Get your marketing basics right

By Nadia Hearn from Get Published

marketing basics
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Small businesses often face the challenges of cashflow and limited marketing budgets, and it is therefore more critical than ever to make sure you’re engaging the right clients. Marketing tactics can seem complicated today, with a maze of jargon and a range of activities fighting for your meagre marketing budget. Sadly, many entrepreneurs lack knowledge of the marketing basics, and so end up not achieving much impact at all.

Your efforts need to ensure you connect with your ideal customers…

Truth be told, there is no quick fix in marketing a business. And yes, there are some techniques that can ensure fast turnaround of leads. However, the number one challenge remains that of getting quality leads and brand exposure for well-targeted markets. This simply implies that more of the potential customers that can potentially contact the business need to be “ideal” in order to convert a sale or to sell to. They must need the services or products and qualify to purchase.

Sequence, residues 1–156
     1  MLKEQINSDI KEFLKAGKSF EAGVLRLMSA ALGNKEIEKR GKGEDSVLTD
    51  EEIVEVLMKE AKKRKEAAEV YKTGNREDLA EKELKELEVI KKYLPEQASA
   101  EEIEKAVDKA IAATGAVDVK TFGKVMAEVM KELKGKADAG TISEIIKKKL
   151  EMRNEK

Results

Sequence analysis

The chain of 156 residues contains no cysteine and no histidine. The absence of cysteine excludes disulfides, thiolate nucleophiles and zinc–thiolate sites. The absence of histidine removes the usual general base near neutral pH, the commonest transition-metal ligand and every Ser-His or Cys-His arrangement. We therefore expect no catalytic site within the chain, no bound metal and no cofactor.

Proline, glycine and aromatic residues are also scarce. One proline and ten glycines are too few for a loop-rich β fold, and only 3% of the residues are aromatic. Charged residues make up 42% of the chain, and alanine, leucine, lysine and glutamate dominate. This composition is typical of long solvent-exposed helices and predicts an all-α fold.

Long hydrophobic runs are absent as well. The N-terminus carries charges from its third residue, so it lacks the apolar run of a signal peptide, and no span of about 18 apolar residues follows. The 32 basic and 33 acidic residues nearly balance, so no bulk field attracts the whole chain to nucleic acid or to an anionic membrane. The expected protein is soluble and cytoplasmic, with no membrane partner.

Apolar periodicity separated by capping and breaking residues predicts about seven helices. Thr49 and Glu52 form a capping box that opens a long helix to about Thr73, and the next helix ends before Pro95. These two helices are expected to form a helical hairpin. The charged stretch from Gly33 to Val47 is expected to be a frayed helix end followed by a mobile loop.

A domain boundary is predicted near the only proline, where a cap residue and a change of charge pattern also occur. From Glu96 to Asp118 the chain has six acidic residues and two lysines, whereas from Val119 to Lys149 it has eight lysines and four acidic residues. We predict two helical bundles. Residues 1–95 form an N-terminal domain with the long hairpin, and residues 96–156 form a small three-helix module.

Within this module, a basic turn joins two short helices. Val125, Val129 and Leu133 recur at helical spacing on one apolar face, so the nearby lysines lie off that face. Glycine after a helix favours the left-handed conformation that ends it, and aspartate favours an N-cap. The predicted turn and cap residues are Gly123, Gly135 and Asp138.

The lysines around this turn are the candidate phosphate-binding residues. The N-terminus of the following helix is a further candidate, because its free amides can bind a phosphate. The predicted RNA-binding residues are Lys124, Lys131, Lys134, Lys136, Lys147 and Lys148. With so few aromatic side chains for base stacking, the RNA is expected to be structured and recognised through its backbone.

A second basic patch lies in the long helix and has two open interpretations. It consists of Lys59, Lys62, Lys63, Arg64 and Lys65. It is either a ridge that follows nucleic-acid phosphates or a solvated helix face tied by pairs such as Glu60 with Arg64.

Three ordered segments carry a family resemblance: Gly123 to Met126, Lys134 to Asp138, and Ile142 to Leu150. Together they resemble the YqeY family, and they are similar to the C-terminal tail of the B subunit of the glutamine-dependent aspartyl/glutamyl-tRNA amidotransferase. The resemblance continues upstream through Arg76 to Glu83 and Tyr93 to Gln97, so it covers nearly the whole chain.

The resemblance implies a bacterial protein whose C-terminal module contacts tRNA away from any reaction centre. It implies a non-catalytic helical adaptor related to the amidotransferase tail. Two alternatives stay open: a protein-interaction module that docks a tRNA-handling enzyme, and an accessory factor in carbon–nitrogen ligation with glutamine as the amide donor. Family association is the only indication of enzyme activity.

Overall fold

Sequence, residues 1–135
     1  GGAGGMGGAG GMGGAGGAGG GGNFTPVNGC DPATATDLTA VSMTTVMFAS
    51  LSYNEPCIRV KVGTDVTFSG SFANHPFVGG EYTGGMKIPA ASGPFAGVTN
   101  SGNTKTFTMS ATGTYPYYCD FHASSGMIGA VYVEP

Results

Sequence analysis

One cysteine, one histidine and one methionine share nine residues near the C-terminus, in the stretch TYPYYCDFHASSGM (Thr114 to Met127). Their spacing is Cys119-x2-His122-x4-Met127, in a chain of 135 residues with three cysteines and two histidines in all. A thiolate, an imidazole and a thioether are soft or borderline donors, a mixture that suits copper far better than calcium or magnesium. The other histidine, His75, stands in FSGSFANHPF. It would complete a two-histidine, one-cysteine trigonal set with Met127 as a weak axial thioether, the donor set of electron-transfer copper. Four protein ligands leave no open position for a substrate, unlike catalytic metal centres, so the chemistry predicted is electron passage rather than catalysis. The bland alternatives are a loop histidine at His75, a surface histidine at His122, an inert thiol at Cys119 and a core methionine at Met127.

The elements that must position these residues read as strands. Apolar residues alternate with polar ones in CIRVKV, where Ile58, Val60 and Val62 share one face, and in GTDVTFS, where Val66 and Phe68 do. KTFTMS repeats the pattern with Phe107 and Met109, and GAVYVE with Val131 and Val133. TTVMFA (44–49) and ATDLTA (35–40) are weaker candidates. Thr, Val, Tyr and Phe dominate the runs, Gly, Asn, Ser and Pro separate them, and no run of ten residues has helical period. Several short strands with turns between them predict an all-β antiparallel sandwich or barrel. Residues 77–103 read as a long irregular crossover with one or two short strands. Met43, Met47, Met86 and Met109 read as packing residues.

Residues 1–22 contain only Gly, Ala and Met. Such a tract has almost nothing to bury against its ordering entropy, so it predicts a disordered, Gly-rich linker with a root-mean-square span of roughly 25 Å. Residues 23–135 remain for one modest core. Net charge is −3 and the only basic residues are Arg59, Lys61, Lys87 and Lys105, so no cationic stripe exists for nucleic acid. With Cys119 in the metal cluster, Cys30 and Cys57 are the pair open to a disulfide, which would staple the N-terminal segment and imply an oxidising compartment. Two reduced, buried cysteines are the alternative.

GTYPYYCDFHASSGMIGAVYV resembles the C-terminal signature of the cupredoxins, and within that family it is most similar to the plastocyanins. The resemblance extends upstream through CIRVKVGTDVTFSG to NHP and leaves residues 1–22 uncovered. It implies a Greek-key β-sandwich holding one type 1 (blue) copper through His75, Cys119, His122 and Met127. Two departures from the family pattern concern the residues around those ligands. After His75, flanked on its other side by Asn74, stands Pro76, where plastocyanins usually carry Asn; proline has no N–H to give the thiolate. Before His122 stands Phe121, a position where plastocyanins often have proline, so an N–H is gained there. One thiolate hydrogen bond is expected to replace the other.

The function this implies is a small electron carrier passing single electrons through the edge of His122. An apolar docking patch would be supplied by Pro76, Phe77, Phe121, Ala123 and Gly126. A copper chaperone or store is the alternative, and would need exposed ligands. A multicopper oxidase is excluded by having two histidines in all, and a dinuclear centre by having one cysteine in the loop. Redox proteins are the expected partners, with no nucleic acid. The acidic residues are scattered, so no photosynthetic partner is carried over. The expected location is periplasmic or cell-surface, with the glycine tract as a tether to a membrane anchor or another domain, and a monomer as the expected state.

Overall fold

Do not waste money in areas that will not bring in business. Do the basics right, offer more staff the option of working remotely and get a good workflow system in place.

There is no cookie cutter approach in marketing that will guarantee the same results, as each business, industry and market is different and fluctuates. What is not different, however, is that no matter what you are selling, you are more than likely not the only one. It is tricky to get the balance right between having ideal brand awareness versus driving a business sales lead generation strategy that is measured and converts into business results.

Here are five tips that will demystify most of these business challenges for you when planning your marketing spend next:

 ▪ Know your business

Understanding your product and/or service is most likely what you are great at already – knowing your business is not a given. In fact, 90% of businesses we work with need support in better understanding their business – that means reviewing the business model, structure and repositioning their business brands. Remind yourself why you started the business and what it means to your target market. Many get stuck in hard selling, rather than positioning the offering as a solution to an existing need. Knowing who is buying from you, the patterns on when they buy, how often and why, are helpful in planning better ways to reach your ideal client.

▪ Know your market

Start by taking a close look at what your competitors are doing. You will learn a great deal from them. Be smart and learn from their successes and failures so you do not have to pay for making these mistakes yourself.